Both Sides Now: Inside Outside by Lizi Boyd
Lizi Boyd's Inside Outside (Chronicle Books, 2013) is a book that is much more than it seems at first glance.
Using brown butcher paper as her medium, Boyd opens with a plain house, a small boy seen through the window as a snowman stands guard just outside, while inside he works, intent upon planting seedlings for spring. Pictures on the wall show plants and trees which foreshadow the season to come. The seasons change outside. as the boy moves out and then back into the house. Trees leaf out, flowers comes up and bloom, and birds appear in the trees, nesting and then feeding their babies.
Accompanied by his constant companions, a black dog and two mice who get on with their own parallel lives, unmindful of the events around them, the boy flies his kite in spring, finds a turtle in the warming pond, tends his garden, and fills his wading pool for the dog and cat to enjoy.
The scenes shift from inside to outside and back again, each move prefigured by the other, with the boy building a boat inside while sailboats float in pictures on the wall, and takes it outside to sail it on the pond while the turtle and dog watch from his beach towel. Fall comes, suggested first by the boy's paintings of autumn trees on the walls and carried outside as colored leaves float down from the trees and birds fly, fleeing south from approaching winter.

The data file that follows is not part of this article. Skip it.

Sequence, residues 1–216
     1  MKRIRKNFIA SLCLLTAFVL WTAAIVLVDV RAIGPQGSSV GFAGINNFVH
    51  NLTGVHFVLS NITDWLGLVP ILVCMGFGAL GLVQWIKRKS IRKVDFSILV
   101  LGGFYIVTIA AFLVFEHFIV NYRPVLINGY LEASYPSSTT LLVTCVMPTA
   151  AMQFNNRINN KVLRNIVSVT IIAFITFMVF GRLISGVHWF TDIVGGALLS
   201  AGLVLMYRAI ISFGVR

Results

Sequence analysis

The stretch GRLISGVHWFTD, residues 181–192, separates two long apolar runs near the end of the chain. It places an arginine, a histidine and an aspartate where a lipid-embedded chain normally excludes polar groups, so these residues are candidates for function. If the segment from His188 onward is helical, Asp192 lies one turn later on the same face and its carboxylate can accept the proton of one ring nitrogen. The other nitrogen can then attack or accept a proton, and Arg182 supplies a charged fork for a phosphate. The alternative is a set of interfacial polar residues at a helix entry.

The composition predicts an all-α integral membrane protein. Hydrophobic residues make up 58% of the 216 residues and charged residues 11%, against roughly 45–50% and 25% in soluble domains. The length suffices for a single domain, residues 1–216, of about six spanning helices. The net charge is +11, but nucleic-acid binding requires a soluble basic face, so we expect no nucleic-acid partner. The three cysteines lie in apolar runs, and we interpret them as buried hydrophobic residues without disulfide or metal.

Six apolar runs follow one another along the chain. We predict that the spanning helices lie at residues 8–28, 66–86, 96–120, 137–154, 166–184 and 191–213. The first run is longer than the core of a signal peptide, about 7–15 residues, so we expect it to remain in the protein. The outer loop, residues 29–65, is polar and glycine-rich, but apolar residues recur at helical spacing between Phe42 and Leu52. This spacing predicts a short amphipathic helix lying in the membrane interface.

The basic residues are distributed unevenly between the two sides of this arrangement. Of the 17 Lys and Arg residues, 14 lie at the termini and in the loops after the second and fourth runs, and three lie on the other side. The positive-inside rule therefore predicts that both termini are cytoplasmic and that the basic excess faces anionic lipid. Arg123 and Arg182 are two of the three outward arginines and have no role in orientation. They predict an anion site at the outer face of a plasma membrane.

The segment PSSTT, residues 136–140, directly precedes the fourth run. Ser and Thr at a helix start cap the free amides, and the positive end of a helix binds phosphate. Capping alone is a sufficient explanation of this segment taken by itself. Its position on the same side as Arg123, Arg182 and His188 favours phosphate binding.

At last it is winter outside again, and the boy is seen through the windows, decorating a little evergreen inside, as snow falls on his snowman outside.
Cleverly placed die-cut rectanglar windows give little readers a chance to predict what comes next in this endlessly inventive essay on the seasons. It will take many look-throughs to take in all that is going on in Inside Outside. This seemingly simple little wordless story book has surprises and much to observe for youngsters just learning to "read" a picture book through its illustrations.
"... creative genius at work," says Kirkus Reviews.